There is a thermo switch behind the thermostat housing. Look in behind the upper front engine mount plate from the right side of the bike and you will see it there with a 2 wire plug in a rubber boot. It's kind of hard to reach, you will have to remove the right fairing lower. Pull the plug off the switch and jumper the 2 wires together and it should run with the switch on. If not check for power on the connector to the fan motor, access it from the left side.
Fan should come on when temp gauge is about half way in it's operating range. If it doesn't shut bike off, unplug connector at the thermo sensor not the fan. Jump the connector at the sensor plug & the fan should come on. ( Make sure the ignition switch is on when doing this). If the fan comes on in this fashion then its the thermo sensor switch.
Do a search on the site? Many ( me included) have used the 94 Geo switch as a replacement.
Sorry for not responding on the results. I took off the boot on the sensor, jumped the wires, turned on the ignition, and the fan came on! Apparently, the fan had not been working since I've had the bike (noise is fairly noticeable), but had only been riding it in colder weather which is why it probably never ran hot.
Since there is not very much wiggle room to take out the sensor, and I've heard horror stories on stripping bolts, I'm theorizing I will need to drain the coolant, take off the radiator and fan assembly, remove the seat so I can remove the covering containing the tool box tray, etc. The alternative would be to purchase a large enough socket to go over the sensor and take it out from the right side.
Okay, I will get the socket. I had already removed the horn out the way to get to the sensor boot. It seemed like there was enough room to slide a socket into the area besides the black brace that appears to be mounted to the engine.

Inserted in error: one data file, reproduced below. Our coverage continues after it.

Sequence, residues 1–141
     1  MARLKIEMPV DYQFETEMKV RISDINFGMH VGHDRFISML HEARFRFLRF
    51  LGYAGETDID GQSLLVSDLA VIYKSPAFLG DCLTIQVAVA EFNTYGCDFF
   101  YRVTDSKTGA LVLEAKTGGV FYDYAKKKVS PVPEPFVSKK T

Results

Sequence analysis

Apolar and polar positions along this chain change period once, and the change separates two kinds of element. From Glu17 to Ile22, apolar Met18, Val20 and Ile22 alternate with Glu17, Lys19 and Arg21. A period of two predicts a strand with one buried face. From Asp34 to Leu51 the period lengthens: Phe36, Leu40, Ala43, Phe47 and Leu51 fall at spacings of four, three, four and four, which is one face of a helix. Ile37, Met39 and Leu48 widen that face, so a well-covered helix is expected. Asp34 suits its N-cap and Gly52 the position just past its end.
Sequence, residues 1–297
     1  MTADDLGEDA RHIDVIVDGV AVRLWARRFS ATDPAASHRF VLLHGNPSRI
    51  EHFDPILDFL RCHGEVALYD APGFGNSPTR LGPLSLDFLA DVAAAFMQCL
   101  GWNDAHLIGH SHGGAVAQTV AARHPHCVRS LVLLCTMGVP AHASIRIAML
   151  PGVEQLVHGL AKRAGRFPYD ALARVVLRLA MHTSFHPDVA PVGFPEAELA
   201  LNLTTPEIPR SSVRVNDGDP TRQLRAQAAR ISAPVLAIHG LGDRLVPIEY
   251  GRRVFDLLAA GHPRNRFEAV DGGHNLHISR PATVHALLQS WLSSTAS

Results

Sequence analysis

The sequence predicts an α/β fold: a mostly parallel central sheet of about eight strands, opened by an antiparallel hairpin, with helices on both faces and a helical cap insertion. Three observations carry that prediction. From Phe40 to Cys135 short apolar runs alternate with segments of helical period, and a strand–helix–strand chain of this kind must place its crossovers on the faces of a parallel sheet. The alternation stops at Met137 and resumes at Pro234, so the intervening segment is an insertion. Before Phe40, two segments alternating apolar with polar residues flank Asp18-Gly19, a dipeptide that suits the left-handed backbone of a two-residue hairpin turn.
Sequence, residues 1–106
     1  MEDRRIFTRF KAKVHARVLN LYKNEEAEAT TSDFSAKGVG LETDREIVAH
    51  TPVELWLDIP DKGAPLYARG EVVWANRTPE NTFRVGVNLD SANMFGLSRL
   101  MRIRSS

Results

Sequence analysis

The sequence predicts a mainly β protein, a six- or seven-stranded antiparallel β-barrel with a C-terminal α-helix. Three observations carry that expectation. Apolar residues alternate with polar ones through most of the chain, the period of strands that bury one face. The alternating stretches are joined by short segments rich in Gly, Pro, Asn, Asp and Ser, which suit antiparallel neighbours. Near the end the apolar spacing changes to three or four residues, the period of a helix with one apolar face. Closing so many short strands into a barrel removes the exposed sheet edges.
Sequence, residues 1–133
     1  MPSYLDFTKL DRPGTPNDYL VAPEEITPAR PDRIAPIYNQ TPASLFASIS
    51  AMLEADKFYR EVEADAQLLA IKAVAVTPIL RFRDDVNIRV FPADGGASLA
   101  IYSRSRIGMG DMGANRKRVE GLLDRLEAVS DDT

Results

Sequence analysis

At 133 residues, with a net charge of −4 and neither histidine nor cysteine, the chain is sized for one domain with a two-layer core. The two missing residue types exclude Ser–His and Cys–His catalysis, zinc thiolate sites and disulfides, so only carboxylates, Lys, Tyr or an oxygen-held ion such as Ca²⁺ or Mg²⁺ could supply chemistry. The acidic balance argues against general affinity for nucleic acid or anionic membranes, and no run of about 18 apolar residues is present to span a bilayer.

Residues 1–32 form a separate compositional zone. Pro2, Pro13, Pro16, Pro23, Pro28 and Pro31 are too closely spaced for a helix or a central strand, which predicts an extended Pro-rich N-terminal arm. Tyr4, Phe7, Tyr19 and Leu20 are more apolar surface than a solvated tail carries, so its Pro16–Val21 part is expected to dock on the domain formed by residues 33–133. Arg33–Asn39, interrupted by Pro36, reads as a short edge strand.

After I drain the coolant, can I refill through the overflow tank, or do I have to take off the top cover (what looks like the gas tank - don't know real name) and fill through the fitting that has the radiator cap? And if I have to fill through the fitting, how do I take off the cover, etc?
Ya, you gotta use the rad cap as your port of entry. That top cover gets refered to as a false tank.
If you pull that off than there is even more things you can check while it's apart, Like your air filter. Some wings can be stubborn to burp the air back out of the system which can cause the wing to overheat.
I was just thinking. If you've never ran the bike when its warm or idled it long enough to get the bike really warm, how do you know the thermo switch is defective. Just a thought.
If you do go the Geo switch route, go to a local auto wrecker & get the sensor & wiring connector from a wrecked Geo of this vintage. From what I've seen the wiring from the bigger engine has the same plug end. Using the Geo wiring connector will make it much easier to put it into the wing's wiring. You just have to put to male plugs on the ends & they will plug into the old switch wiring. Cost me $5.00 but made the job simple.
When you get around to putting the antifreeze in, I would completely drain out the old and put in new. Fill to the top of the rad & keep filling until it stops taking antifreeze. Start the engine, the level will drop, add some more until the level stabilizes or starts coming up. Then put the rad cap back on & fill the overflow tank to the top mark. Run bike until top rad hose is warm/hot & the fan cycles on & off a couple of times. Shut down engine and as it cools it will draw fluid from the overflow. Next morning top up the overflow tank to the top mark. Keep an eye on the overflow tank for a couple of days to make sure there are no leaks.
The bike had been modified when I purchased it. The prior owner had taken off the instrument cluster among other things. I road it some without the instrument cluster and just a digital thermometer he had installed. I had a guy do some work on it and had him reinstall a some of the things that were taken off to include the instrument cluster. That's when I started noticing the temp climbing up. I've been lucky that I never rode for long or in traffic.
I will follow your suggestion and check with some salvage yards for the sensor and the wiring. Thanks.